in (B 12) by
$p$
and substituting (B 11) for
$\text{div}\,\boldsymbol{u}$
, which yields

Observe that

a result that follows from the formula (Goddard & Lee 2018)

and the observation that
${\mathcal{D}}$
is homogeneous in
$\unicode[STIX]{x1D63F}$
of degree 3. It is not proved directly that
$\unicode[STIX]{x1D713}$
is convex, but rather the fact that the iCIDR constitutive relations are well-posed (Barker *et al.*
2017) is used to deduce this (Goddard & Lee 2018).

## Appendix C. Details of the DEM calculations

Two-dimensional DEM simulations (Cundall & Strack 1979) were performed in a shear-box geometry, both to confirm the well-established steady behaviour and to explore transient flows. The domain is a rectangle in
$(x,z)$
space, with all units non-dimensionalized with the scalings (3.12), such that
$0\leqslant \hat{x}<\hat{L}$
and
$0\leqslant \hat{z}<{\hat{H}}$
. Boundary conditions and the system size are then designed to suppress confinement effects so that the volume can be taken to be a representative bulk element. Periodicity is enforced in the
$\hat{x}$
direction and Lees–Edwards boundary conditions (Lees & Edwards 1972) are applied at the bottom
$\hat{z}=0$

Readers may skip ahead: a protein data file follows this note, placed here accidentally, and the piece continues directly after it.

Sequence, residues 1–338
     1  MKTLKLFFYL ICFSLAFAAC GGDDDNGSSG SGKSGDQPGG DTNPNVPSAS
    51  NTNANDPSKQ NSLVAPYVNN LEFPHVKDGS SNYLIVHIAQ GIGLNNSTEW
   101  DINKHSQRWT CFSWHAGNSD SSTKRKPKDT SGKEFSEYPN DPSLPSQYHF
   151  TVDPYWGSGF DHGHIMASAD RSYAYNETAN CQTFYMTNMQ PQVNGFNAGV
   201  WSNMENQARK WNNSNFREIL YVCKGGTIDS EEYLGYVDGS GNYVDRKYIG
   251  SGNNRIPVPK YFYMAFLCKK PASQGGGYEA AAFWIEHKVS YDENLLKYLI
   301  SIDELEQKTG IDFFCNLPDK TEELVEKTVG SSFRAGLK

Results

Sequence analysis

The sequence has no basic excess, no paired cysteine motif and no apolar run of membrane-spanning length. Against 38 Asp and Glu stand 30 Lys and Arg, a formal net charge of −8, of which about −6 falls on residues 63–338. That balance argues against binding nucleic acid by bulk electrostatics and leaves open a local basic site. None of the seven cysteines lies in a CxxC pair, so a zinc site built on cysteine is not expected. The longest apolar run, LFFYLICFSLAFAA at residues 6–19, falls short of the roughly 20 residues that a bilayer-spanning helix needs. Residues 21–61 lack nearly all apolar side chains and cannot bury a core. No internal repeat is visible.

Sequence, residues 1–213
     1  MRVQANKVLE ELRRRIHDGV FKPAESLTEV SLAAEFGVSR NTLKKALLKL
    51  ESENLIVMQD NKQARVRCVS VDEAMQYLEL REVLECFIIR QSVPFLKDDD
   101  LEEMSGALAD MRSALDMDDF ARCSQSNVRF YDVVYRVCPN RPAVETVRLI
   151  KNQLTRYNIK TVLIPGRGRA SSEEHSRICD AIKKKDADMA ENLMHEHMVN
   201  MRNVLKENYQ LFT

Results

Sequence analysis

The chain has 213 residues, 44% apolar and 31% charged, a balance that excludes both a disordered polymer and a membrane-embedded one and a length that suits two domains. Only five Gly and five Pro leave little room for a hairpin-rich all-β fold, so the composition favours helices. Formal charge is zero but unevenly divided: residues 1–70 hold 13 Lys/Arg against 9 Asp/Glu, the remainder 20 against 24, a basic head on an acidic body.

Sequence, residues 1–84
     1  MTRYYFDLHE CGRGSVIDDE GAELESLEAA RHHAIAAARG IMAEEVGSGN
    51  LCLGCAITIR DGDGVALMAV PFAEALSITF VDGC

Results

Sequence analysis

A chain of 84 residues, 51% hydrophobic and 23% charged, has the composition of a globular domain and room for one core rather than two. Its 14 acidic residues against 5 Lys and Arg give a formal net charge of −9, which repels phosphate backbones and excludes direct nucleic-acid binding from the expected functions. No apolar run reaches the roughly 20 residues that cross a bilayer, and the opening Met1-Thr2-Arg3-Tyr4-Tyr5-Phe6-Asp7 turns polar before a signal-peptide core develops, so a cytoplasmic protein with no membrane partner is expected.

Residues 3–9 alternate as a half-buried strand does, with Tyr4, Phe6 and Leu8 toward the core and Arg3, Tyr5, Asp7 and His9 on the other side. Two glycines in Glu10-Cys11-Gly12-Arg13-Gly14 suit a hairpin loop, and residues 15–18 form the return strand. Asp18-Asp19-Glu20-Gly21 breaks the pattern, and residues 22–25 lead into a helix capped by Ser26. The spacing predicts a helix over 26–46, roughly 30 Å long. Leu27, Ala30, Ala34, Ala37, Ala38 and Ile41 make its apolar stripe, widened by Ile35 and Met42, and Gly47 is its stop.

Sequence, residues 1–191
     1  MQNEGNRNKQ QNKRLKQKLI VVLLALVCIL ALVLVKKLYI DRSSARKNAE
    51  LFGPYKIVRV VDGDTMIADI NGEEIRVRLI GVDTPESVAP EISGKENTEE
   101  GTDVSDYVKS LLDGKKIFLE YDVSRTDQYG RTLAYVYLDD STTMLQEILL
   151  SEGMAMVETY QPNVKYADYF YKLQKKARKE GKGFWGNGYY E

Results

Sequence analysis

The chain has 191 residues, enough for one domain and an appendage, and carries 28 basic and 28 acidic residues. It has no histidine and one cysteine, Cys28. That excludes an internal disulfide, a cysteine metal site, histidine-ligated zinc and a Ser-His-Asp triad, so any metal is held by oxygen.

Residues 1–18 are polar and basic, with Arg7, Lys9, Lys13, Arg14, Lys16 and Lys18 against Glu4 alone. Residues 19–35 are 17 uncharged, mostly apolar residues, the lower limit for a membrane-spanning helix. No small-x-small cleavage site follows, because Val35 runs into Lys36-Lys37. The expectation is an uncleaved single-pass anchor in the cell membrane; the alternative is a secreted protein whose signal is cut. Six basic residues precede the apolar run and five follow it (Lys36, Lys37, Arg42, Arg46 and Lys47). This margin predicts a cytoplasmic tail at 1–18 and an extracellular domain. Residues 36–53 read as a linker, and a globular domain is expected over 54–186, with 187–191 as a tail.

and top
$\hat{z}={\hat{H}}$
of the domain. There is no gravity applied to the system and the only driving is provided by the difference in horizontal velocity between the top and bottom
$V_{0}$
, as prescribed by the Lees–Edwards algorithm.

Details of the precise DEM simulation algorithm can be found in Otsuki & Hayakawa (2011) as an identical method is employed here. Normal forces
$\boldsymbol{f}^{(n)}$
between particles are calculated from a linear spring–dashpot arrangement with an associated spring constant
$k^{(n)}$
and viscous dissipation constant
$\unicode[STIX]{x1D702}^{(n)}$
. Tangential forces
$\boldsymbol{f}^{(t)}$
may either stick or slip depending on whether a Coulomb friction criterion, with particle friction constant
$\unicode[STIX]{x1D707}_{p}$
, is satisfied. Stick interactions are defined as those with
$|\boldsymbol{f}^{(t)}|<\unicode[STIX]{x1D707}_{p}|\boldsymbol{f}^{(n)}|$